Parliament: Straw admits to `anxiety' over jury trial restrictions

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JACK STRAW admitted yesterday that he had suffered "anxieties" about his controversial plans to restrict jury trials in a range of cases.

The Home Secretary, in an attempt to avert a backbench rebellion over the measure, assured MPs he would address their concerns once the legislation was debated in the Commons. "I appreciate that MPs on both sides have anxieties over the proposals. So did I. But once the Bill is before the Commons and outside this chamber I will speak to many of you and convince you that these concerns have been very carefully taken into account," he told MPs during resumed debate on the Queen's Speech.

Under the Criminal Justice (Mode of Trial) Bill, magistrates, rather than defendants, will decide whether cases, including burglary, will be heard by them or in a Crown Court.

The Bill is expected to reduce the number of Crown Court trials by 12,000 a year and save an estimated pounds 105m.

But the Government is likely to encounter a substantial rebellion by Labour MPs who are concerned that the change would infringe civil liberties.

Mr Straw was challenged over the issue by Gwyneth Dunwoody, the Labour MP for Crewe and Nantwich, who told him: "Many of us have a very considerable worry that we should abandon it [trial by jury] on what may be somewhat doubtful legal grounds."

But Mr Straw said that while he had been concerned about the proposal at first glance, the "more I've looked at it, the more I believe the argument for change is overwhelming".

Insisting the Government was not "taking a risk with liberty" with the proposals, he added: "One of the points that has certainly been persuasive is the fact that we are almost alone in any Western jurisdiction in giving the choice of venue of trial to the defendant.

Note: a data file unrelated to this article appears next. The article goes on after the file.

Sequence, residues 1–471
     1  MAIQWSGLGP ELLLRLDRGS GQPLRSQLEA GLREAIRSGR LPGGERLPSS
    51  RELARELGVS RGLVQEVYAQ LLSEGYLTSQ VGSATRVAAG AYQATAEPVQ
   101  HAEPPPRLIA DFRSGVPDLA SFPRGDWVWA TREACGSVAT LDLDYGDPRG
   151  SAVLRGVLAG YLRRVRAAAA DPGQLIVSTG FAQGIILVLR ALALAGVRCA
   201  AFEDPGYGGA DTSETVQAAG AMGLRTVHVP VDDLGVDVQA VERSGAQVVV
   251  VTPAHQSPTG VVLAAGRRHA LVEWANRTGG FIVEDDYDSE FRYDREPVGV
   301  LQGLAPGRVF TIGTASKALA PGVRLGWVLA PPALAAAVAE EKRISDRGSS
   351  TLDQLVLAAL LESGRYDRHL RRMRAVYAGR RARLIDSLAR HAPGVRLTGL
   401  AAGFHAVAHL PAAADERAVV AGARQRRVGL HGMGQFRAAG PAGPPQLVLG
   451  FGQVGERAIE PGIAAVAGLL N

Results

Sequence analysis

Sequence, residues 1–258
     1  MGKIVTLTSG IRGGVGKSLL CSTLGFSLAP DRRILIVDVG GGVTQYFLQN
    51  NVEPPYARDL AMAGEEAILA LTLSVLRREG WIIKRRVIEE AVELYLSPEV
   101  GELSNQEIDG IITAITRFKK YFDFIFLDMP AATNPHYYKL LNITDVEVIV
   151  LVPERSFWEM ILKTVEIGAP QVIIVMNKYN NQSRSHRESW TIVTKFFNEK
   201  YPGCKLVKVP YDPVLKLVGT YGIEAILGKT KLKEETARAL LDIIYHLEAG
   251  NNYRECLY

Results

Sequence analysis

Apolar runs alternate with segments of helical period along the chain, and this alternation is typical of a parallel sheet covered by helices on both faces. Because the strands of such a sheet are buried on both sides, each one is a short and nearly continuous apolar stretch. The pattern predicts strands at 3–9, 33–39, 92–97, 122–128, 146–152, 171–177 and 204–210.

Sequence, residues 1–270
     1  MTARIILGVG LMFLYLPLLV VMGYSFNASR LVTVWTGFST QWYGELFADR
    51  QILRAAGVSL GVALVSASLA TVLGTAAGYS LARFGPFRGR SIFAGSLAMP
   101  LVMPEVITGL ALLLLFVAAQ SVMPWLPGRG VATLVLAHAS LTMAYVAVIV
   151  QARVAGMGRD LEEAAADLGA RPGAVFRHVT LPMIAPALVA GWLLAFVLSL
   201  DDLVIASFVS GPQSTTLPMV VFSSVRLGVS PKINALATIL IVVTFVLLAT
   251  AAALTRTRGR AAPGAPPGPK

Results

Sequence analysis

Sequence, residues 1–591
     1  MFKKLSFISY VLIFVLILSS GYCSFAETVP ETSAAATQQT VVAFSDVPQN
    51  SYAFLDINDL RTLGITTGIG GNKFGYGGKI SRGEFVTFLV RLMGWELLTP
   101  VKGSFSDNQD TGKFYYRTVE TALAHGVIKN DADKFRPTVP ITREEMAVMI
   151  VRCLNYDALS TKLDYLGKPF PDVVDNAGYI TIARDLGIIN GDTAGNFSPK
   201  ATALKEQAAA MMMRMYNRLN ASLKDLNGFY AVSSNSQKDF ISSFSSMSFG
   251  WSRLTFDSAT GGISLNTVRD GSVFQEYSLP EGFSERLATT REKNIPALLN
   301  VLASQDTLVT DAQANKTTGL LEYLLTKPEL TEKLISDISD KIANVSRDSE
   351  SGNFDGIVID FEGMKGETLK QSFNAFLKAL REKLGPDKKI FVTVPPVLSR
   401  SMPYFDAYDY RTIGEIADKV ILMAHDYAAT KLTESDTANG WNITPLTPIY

"It does not happen in other Commonwealth jurisdictions. It does not happen in Scotland where, oddly, the choice of venue is a matter for the prosecutor, not even for the court.

"I have heard nobody suggesting that the quality of justice in Scotland is somehow, therefore, inferior to that in England and Wales."

Mr Straw said he and the Lord Chief Justice, Lord Bingham of Cornhill, thought a defect in the Royal Commission proposal was "that there was no route for an interlocutory appeal against a refusal by the magistrates to transfer jurisdiction in a case to the Crown Court.

"This Government, with the full support of the Lord Chief Justice, has provided exactly that interlocutory appeal, so the final decision on venue of trial will be made by a fully qualified judicial professional, namely a Crown Court judge."

But Ann Widdecombe, the shadow Home Secretary, said earlier that the measure would introduce new delays into the criminal justice system and would lead to no savings in costs.

"This is a bad proposal and one that we will be opposing," she said. "Jury trial is one of the traditional guarantees of liberty in the judicial system of England and Wales. Restricting the right to a jury trial will further erode public confidence in the whole criminal justice system."